Monthly Archives: November 2015

Charles Tomlinson, poet – obituary

cHARLES_TomlinsonPoet, translator and scholar whose Englishness was enriched by international perspectives Charles Tomlinson, who has died aged 88, was a poet, graphic artist, university professor and translator, who made a substantial contribution to English poetry.

Tomlinson was not a Movement poet, not part of Ian Hamilton’s Review, not a “confessional” poet and not in any way a rebellious declamatory poet – his poem “Against Extremity”, for example, is a trenchant defence of the middle ground. The fact that he was not part of any identifiable school meant that he defied easy categorisation.

Tomlinson’s early collections included The Necklace (1955) and Seeing is Believing (1958). The American critic Calvin Bedient described his arrival into the world of post-war poetry: “Into an area crowded with hedonists, mystics, rapturous aesthetes, [he] comes equipped with a chaste eye and a mind intent upon exactitude.”

Tomlinson, despite his interests in American poetry (in particular Wallace Stevens and William Carlos Williams), was a very English poet who took a philosophical interest in landscape, buildings and topography, describing his writing as having “roots in Wordsworth and Ruskin”.

Read the complete review

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by Lorna Crozier
Lacking the violin’s higher reasoning,
its closeness to the mind, the cello
without touching, knows the lower body
best, the shame and glory of the belly,
the bowels, the inner thighs,
the sweat and stain of things, holy and otherwise,
—this, the cello’s music, the dark vibratos,
the pitch and muscle of their sounds.

rostropovich Listen to Mstislav Rostropovich play Bach’s Cello Suite No 2 in D minor

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Happy Birthday, William Blake, November 28, 1757

William_Blake(From William Blake was born in London on November 28, 1757, to James, a hosier, and Catherine Blake. Two of his six siblings died in infancy. From early childhood, Blake spoke of having visions—at four he saw God “put his head to the window”; around age nine, while walking through the countryside, he saw a tree filled with angels. Although his parents tried to discourage him from “lying,” they did observe that he was different from his peers and did not force him to attend conventional school. He learned to read and write at home. At age ten, Blake expressed a wish to become a painter, so his parents sent him to drawing school. Two years later, Blake began writing poetry. When he turned fourteen, he apprenticed with an engraver because art school proved too costly. One of Blake’s assignments as apprentice was to sketch the tombs at Westminster Abbey, exposing him to a variety of Gothic styles from which he would draw inspiration throughout his career. After his seven-year term ended, he studied briefly at the Royal Academy.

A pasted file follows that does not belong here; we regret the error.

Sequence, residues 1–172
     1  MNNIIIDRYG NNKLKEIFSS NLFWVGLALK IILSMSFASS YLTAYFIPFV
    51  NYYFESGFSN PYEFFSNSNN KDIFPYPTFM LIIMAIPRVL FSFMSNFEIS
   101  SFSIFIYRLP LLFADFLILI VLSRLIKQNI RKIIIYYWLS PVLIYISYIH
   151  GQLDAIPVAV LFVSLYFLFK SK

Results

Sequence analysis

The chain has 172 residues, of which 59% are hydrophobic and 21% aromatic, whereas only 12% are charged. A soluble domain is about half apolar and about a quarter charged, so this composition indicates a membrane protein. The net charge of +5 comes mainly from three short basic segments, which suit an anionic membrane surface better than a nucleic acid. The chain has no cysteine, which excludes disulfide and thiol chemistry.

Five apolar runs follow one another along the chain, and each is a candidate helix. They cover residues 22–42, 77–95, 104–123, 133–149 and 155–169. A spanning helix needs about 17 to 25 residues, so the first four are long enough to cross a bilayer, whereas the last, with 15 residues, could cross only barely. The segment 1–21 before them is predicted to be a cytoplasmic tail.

Blake’s description of a holographic universe, 200 years before we knew about holograms (from
Auguries of Innocence):

To see a World in a Grain of Sand

And a Heaven in a Wild Flower

Hold Infinity in the palm of your hand

And Eternity in an hour”

Read The Greatness of William Blake by Richard Holmes

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November Surf

by Robinson Jeffers

November_SurfSome lucky day each November great waves awake
and are drawn
Like smoking mountains bright from the west
And come and cover the cliff with white violent cleanness:
then suddenly
The old granite forgets half a year’s filth:
The orange-peel, egg-shells, papers, pieces of clothing,
the clots
Of dung in corners of the rock, and used
Sheaths that make light love safe in the evenings: all
the droppings of the summer
Idlers washed off in a winter ecstasy:
I think this cumbered continent envies its cliff then….
But all seasons
The earth, in her childlike prophetic sleep,
Keeps dreaming of the bath of a storm that prepares up
the long coast
Of the future to scour more than her sea-lines:
The cities gone down, the people fewer and the hawks
more numerous,
The rivers mouth to source pure; when the two-footed
Mammal, being someways one of the nobler animals, regains
The dignity of room, the value of rareness.

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A final reminder that we’ll be reading and discussing the poetry of Emily Dickinson this Thursday, November 26

emily-dickinsonPlease check the SCHEDULE PAGE for a selection of Dickinson’s poems to be featured.

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by Robinson Jeffers

vultureI had walked since dawn and lay down to rest on a bare hillside
Above the ocean. I saw through half-shut eyelids a vulture wheeling high up in heaven,
And presently it passed again, but lower and nearer, its orbit
narrowing, I understood then
That I was under inspection. I lay death-still and heard the flight-feathers
Whistle above me and make their circle and come nearer.
I could see the naked red head between the great wings
Bear downward staring. I said, ‘My dear bird, we are wasting time here.